European businesses in firing line of Iran sanctions
European businesses have the most to lose from renewed US sanctions against Iran, analysts said Wednesday, with massive sums at stake for some of the continent's big names.
A day after President Donald Trump pulled the United States out of a landmark deal curbing Iran's nuclear programme and reimposed crippling sanctions, EU governments promised they would shield their companies doing business with Tehran.
European officials will "do everything" possible to protect their interests, an official in the French presidency said.
America has, however, a long reach when it comes to forcing foreign companies to comply with its sanctions regime, analysts said, as some big European banks have learned the hard way.
US sanctions policy is based on the extra-territoriality of American laws, meaning Washington also punishes foreign companies doing deals with Iran if they also have business with the US, or use dollars in their transactions.
- Can't hide from policeman -
European companies with interests in the United States "find it is impossible to hide from the world's policeman" said Jacques Hogard, who runs an international consulting firm.
"You can try to circumvent sanctions, but not if you're a big company," he told AFP.
Washington has given companies between 90 and 180 days to phase out existing contracts with Iran and banned them from signing any new ones, under threat of sanctions.
And that threat is far from empty.
France's biggest bank, BNP Paribas, was fined $8.9 billion in 2014 for breaking sanctions against Iran and other countries.
The following year, Deutsche Bank paid $258 million in US fines for doing business with Iran and Syria pursuing, according to US regulators, a "lucrative" US dollar business for sanctioned customers.
Europeans were eager to renew business ties with Iran after the July 2015 landmark deal which opened up the prospect of winning market share in the country of 80 million desperate for investment and consumer goods.
Airbus, Siemens, Total, PSA and Fincantieri were among the multinationals launching investments in Iran, although the Islamic Republic's problems with financing its wish list kept a lid on enthusiasm.
- EU's Iran business tripled -
The European Union's trade with Iran nearly tripled in under three years, growing from 7.7 billion euros ($9.14 billion) in 2015 to 21 billion euros in 2017.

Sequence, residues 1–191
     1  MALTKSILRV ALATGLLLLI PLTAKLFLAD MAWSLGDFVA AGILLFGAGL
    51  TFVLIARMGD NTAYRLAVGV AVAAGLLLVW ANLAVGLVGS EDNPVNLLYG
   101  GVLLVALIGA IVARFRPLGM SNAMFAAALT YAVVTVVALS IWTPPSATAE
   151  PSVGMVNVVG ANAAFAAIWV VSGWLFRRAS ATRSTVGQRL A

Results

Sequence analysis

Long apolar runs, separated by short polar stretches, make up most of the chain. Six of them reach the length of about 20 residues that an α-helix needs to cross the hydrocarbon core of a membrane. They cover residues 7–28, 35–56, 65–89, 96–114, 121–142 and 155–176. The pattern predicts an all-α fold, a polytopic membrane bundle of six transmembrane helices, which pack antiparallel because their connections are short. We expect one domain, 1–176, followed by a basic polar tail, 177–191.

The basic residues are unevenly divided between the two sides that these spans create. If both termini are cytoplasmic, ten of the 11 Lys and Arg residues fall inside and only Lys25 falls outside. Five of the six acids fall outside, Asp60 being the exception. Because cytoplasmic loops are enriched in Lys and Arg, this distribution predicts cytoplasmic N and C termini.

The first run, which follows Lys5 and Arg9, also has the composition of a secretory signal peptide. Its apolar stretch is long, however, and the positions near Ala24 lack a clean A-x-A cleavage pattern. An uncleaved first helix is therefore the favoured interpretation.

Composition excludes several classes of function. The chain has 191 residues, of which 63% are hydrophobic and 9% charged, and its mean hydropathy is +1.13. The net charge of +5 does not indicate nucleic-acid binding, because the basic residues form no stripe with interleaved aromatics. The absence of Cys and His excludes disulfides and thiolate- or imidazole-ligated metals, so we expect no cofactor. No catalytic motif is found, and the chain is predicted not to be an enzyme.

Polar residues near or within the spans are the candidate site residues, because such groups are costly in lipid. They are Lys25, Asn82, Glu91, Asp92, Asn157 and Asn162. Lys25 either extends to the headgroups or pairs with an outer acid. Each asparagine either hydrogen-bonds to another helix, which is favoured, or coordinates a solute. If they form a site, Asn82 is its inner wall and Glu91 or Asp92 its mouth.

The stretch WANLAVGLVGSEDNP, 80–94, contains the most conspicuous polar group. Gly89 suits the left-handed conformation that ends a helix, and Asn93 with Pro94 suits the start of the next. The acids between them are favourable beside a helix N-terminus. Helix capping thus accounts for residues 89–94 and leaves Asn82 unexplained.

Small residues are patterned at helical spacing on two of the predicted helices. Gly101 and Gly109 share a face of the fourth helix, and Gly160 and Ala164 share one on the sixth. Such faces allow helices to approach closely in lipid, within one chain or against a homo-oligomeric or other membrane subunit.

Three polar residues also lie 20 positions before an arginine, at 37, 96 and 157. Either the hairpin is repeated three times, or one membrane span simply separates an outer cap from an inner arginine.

Germany alone exported three billion euros worth of goods to Iran in 2017, Italy 1.7 billion and France 1.5 billion.
Now that business drive risks stalling.
Talking directly to Washington to soften the Trump administration's stance may be the wisest course of action, some companies say.
French energy giant Total, which has agreed to invest $5 billion in Iran together with Chian's CNPC to develop the South Pars oil field, said last month it would seek an exemption from any new sanctions.
For now corporate bosses are completely in the dark as to whether the sanctions regime will be watered down in this, or any other, way.
The only certainty seems to be that the US decision "does not target what is already in place", said Mahasti Razavi, a lawyer with the August Debouzy firm.
But what happens to companies who continue to deal with Iran still needs to be clarified, she said.
Which is why many take a cautious stance.
"We are carefully analysing this announcement and will evaluate the next steps in accordance with our internal policies and with complete observance of the sanctions and the export control rules," said a spokesman for European aircraft maker Airbus which has announced contracts with Iranian airlines for a total of 100 planes.
- Clarity, please -
Aerospace companies had been perhaps the biggest beneficiary of the Iran nuclear accord, which recognised the need for Iran to modernise its aircraft fleet.
Emma Marcegaglia, head of employers association BusinessEurope, said European companies needed "legal clarity" and were counting on the EU and its member states to assist companies.
French Finance Minister Bruno Le Maire said he hoped to meet with US Treasury Secretary Steve Mnuchin by the end of the week to discuss ways to soften the blow.
© 2018 AFP